A housing cooperative (or real estate cooperative more generally), is a membership-based legal entity which owns real estate on behalf of its members through incorporation. The 'corporation' is structured to grant the right to occupy one housing unit by way of a share purchase. The units in a housing co-op are owned by the cooperatives members and cannot be sold for profit.
In the United States over 1 million families live inside a housing cooperative.
Did You Know?
A primary advantage of the housing cooperative is the pooling of the members' resources so that their buying power is leveraged, thus lowering the cost per member in all the services and products associated with home ownership. Some types of real-estate cooperatives include: condominiums, rentals, single-family homes, market rate, and limited equity.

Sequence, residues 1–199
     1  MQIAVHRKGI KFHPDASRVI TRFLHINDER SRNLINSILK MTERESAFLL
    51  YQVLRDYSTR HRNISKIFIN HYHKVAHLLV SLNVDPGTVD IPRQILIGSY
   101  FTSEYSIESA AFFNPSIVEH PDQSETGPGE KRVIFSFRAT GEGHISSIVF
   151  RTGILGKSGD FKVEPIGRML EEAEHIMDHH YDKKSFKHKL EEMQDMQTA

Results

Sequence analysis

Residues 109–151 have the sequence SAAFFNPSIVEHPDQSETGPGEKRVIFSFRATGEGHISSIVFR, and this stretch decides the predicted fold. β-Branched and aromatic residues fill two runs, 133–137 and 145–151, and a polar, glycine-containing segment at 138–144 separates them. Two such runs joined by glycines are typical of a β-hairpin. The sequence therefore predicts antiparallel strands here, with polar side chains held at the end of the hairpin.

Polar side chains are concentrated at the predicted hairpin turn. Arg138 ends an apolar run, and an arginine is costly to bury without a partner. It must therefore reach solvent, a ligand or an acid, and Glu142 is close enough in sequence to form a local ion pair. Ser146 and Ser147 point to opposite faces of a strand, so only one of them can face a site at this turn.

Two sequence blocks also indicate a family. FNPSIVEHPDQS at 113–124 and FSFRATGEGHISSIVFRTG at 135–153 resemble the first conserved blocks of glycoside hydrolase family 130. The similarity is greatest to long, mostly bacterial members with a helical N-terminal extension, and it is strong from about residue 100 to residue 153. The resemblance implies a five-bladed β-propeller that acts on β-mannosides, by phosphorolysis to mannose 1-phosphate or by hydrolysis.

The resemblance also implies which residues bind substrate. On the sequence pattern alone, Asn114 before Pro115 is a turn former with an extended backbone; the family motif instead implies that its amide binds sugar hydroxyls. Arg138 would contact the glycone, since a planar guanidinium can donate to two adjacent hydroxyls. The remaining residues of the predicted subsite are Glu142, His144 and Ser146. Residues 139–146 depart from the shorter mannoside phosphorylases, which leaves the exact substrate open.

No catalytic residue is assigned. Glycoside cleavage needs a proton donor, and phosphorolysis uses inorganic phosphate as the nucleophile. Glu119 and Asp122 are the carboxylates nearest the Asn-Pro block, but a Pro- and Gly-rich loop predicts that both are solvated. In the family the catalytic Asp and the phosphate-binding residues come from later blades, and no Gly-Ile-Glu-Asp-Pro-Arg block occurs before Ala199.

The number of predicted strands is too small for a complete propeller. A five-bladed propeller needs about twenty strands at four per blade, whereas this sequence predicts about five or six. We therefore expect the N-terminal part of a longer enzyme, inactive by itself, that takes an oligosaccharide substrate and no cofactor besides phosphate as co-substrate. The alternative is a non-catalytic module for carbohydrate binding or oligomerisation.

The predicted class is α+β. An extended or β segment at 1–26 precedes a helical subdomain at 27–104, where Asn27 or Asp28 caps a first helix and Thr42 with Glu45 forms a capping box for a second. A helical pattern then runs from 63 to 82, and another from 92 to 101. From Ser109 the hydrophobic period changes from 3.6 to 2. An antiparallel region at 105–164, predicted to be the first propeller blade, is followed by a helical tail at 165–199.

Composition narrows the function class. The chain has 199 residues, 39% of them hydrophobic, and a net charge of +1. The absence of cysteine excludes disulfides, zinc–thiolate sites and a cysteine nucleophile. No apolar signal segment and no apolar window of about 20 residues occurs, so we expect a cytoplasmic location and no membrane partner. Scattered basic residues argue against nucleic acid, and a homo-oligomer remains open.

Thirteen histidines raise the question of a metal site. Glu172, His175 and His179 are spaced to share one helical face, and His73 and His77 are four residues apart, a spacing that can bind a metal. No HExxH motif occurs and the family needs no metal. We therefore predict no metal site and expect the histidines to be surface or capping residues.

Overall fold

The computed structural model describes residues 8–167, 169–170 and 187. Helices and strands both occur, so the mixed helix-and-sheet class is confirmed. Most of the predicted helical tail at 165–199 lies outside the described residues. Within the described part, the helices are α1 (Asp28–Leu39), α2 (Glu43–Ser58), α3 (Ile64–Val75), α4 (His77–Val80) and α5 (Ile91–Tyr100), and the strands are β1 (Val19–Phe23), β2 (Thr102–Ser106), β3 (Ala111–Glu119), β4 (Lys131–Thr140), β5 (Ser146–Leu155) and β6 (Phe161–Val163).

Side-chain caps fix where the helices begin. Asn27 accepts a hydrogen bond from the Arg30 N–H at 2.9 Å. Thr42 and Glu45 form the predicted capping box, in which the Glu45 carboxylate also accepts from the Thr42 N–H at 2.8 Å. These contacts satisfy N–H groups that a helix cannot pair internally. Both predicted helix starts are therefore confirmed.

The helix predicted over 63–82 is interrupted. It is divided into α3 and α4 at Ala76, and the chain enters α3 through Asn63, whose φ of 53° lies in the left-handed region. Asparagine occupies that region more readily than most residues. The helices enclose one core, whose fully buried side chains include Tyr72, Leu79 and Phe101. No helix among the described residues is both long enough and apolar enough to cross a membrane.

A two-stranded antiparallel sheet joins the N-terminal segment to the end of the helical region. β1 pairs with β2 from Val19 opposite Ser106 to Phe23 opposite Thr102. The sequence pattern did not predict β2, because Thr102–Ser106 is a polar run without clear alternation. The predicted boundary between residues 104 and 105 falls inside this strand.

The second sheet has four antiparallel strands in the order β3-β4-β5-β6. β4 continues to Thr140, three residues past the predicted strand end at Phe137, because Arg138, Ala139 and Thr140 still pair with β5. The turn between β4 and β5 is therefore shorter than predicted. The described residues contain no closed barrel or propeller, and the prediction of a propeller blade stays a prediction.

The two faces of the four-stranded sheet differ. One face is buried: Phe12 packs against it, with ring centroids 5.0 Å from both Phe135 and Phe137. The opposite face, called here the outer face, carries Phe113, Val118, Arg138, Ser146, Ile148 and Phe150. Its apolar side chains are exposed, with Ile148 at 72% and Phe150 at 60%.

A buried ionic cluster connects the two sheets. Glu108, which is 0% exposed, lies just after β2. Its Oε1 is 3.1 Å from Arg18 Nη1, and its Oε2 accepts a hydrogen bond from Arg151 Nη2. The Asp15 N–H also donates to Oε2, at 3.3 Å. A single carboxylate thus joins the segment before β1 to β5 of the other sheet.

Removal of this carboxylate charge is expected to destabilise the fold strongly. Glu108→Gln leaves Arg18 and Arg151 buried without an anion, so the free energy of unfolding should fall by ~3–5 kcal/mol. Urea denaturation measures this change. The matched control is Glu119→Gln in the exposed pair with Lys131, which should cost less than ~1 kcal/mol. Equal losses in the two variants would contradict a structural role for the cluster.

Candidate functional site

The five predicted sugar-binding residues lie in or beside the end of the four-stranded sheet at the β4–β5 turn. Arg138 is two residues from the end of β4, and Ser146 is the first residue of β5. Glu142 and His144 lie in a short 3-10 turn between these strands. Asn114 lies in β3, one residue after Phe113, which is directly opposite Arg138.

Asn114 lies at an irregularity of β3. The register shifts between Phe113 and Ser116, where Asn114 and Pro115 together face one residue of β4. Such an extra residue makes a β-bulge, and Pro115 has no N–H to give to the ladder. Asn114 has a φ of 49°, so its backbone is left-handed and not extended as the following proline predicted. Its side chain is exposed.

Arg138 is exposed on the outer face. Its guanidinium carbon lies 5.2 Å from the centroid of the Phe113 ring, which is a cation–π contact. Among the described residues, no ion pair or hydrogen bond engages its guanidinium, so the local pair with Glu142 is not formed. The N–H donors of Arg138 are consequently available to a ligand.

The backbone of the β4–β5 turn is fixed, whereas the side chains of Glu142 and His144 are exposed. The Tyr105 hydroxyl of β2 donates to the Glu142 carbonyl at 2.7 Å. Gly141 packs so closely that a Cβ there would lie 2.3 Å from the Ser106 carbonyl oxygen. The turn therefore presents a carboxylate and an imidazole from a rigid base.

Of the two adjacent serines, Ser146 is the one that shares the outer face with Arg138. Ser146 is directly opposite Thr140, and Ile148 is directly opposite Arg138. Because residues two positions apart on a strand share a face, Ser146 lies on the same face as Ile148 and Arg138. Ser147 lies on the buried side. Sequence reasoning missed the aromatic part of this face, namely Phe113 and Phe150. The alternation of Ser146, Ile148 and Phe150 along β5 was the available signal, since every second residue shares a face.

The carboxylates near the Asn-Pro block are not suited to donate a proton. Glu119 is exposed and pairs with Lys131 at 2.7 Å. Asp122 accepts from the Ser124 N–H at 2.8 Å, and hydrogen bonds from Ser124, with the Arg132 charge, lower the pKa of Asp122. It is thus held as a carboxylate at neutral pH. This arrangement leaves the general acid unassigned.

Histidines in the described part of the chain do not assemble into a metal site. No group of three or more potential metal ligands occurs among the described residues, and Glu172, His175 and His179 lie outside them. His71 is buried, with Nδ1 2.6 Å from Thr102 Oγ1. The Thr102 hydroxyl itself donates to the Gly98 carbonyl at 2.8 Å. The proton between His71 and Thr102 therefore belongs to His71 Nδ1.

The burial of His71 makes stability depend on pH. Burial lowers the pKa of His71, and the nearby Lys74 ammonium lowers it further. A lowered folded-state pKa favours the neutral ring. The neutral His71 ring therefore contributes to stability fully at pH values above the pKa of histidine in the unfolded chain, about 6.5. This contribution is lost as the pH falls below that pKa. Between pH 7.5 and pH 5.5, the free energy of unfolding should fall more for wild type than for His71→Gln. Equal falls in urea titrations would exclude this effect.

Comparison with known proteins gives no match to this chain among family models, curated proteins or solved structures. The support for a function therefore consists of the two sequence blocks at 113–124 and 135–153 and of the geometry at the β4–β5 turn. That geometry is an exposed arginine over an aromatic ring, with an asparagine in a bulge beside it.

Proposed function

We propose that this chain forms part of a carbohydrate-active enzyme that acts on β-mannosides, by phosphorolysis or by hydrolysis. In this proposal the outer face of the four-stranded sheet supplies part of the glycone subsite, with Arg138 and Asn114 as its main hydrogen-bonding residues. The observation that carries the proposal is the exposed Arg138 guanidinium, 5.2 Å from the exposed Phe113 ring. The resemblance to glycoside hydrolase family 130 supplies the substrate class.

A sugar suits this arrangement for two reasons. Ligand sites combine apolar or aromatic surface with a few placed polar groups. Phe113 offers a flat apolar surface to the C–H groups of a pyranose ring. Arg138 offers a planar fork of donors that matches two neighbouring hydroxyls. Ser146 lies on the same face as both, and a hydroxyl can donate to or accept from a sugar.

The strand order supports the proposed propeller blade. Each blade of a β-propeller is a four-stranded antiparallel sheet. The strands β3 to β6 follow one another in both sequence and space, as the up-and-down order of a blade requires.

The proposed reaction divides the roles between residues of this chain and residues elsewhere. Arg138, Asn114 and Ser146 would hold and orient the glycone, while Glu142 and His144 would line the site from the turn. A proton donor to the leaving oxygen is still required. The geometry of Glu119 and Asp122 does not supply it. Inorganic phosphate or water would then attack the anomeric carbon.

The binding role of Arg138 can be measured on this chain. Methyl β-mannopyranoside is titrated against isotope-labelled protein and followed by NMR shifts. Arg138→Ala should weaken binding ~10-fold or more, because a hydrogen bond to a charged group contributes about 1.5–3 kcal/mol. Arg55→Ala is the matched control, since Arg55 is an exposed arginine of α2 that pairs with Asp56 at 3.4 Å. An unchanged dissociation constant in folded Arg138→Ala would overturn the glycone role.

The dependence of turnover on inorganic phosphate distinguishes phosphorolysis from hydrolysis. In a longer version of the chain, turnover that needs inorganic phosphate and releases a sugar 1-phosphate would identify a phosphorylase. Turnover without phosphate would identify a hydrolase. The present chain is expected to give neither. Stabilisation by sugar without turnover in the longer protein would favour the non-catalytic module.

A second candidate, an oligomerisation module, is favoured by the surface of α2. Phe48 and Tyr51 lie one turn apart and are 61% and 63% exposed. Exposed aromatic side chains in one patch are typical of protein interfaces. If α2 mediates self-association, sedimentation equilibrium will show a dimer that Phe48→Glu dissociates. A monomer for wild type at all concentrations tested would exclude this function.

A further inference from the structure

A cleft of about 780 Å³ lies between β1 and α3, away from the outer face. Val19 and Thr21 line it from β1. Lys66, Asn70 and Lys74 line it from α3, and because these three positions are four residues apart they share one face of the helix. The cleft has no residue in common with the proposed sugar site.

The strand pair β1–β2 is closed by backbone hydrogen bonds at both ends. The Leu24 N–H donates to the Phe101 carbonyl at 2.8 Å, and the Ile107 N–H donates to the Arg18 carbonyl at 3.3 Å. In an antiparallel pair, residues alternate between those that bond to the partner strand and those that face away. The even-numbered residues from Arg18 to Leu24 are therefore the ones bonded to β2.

Furthermore, since families who own their own homes have a greater stake in their neighborhoods, private economic development organizations and local governments are encouraging the development of housing cooperatives. Because of these reasons, housing cooperatives are an effective way to provide homeownership for low-income Americans, while simultaneously boosting economic sustainability by retaining monies inside the community -- rather than letting those profits be syphoned away to external real-estate investors.
"...families who own their own homes have a greater stake in their neighborhoods..."
Expanding home ownership
Housing cooperatives are an effective way to provide homeownership to low-income Americans.